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Viscount Waverley: My Lords, before the noble Lord sits down perhaps I may point out that I am a member of PADI, which is an American organisation. We do not seemingly adhere to the practices, pointed out by the noble Lord, carried out by the organisation which I understand to be a British organisation.

4.55 p.m.

The Minister of State, Department of the Environment (Viscount Ullswater): My Lords, I understand the concern which has been expressed in some quarters about marine nature reserves and the delays in establishing them. We appreciate their importance and wish to make progress with marine nature reserves where their establishment would be productive.

In introducing this interesting debate, the noble Baroness, Lady Nicol, indicated that I am rather low in the batting order now, I think, coming in at number eight, but I hope that I shall be able to deal with a number of matters—with the thinking behind marine nature reserves in general; with the progress made with the proposed MNR at Menai Strait; and with the very important roles to be played by implementation of the EC habitats directive in marine conservation and by coastal measures such as coastal management plans, mentioned by my noble friend Lord Campbell of Croy.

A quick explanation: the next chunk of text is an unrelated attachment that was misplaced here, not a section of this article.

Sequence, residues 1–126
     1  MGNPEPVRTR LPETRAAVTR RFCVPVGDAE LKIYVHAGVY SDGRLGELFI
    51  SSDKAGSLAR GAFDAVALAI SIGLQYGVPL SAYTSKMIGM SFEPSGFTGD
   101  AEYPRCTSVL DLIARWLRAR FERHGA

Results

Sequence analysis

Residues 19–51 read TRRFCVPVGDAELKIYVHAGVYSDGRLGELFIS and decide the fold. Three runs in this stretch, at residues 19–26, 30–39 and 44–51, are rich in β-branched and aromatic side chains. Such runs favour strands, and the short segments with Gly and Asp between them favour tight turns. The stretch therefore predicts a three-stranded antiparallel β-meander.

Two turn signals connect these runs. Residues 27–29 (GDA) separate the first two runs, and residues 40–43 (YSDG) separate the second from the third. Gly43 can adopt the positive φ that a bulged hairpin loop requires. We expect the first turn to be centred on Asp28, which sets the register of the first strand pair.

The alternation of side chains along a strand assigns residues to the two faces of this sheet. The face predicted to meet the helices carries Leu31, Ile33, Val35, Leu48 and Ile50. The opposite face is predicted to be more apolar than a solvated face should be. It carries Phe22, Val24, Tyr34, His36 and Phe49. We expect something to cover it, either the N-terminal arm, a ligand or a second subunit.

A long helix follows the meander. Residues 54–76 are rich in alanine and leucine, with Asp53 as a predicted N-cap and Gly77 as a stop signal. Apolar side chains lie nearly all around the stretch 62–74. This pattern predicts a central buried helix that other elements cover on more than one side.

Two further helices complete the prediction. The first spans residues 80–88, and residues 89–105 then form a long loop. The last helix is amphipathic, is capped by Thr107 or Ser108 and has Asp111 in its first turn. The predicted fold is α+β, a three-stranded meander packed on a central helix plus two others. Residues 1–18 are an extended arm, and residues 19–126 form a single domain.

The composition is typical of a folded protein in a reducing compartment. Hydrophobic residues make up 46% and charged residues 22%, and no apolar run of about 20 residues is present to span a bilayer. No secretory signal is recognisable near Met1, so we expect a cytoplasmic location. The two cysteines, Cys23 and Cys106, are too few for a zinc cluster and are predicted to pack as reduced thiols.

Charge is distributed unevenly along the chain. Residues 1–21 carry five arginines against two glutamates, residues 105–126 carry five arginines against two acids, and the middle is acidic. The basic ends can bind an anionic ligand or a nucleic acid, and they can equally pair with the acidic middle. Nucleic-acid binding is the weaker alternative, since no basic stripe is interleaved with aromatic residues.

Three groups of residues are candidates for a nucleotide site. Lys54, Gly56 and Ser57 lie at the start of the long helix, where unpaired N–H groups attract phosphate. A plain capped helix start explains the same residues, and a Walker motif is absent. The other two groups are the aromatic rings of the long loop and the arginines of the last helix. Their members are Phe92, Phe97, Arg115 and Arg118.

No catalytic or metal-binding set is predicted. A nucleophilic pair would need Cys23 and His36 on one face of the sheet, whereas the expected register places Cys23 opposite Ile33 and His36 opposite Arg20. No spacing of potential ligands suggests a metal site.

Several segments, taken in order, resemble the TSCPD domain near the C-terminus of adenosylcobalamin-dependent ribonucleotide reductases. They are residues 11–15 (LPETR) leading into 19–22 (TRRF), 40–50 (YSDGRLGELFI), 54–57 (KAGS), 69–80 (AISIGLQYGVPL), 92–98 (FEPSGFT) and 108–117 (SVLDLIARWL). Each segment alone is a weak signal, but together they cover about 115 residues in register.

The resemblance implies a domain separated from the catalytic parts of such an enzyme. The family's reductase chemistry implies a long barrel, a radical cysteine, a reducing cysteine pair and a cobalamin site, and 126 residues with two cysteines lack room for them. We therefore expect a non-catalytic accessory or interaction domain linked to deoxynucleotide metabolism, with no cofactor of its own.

First, I was asked the direct question by the noble Lord, Lord Williams: what is the Government's attitude to this area generally? The Government's commitment to the conservation of our environment is beyond question. I have only to cite the leading role that we played in developing the habitats directive and the fact that we are at the forefront of member states in developing our list of sites and transposing directives into national law—a fact, I believe, widely acknowledged. More widely, there is the Government's sustainable development strategy—a leading model for other countries—and our leading role in advancing climate change targets at the recent Berlin conference. That is a measure of the Government's commitment to the environment.

As regards the establishment of MNRs generally, I should make it clear that it was never intended that there should be other than a small number of statutory reserves for conserving areas of special interest in the UK context or to facilitate study or research. We accept that statutory marine nature reserves have a role to play in marine conservation and we will continue to consider applications made by the country agencies whenever appropriate. The voluntary approach is deeply embedded in Section 36 of the Wildlife and Countryside Act 1981, and we are far from convinced that it has been exhausted. On the contrary, we remain convinced that the introduction of compulsion would only harden attitudes and thus be counter-productive. I should like to put the matter of marine nature reserves into perspective by, first, explaining the background to the existing legislation.

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The case for establishing statutorily protected marine nature reserves was made at considerable length in the 1979 joint Nature Conservancy Council/Natural Environment Research Council publication, Nature Conservation in the Marine Environment. The Government readily accepted, in principle, the recommendations contained in the report and proposed to introduce provisions for marine nature reserves in the then forthcoming Wildlife and Countryside Bill.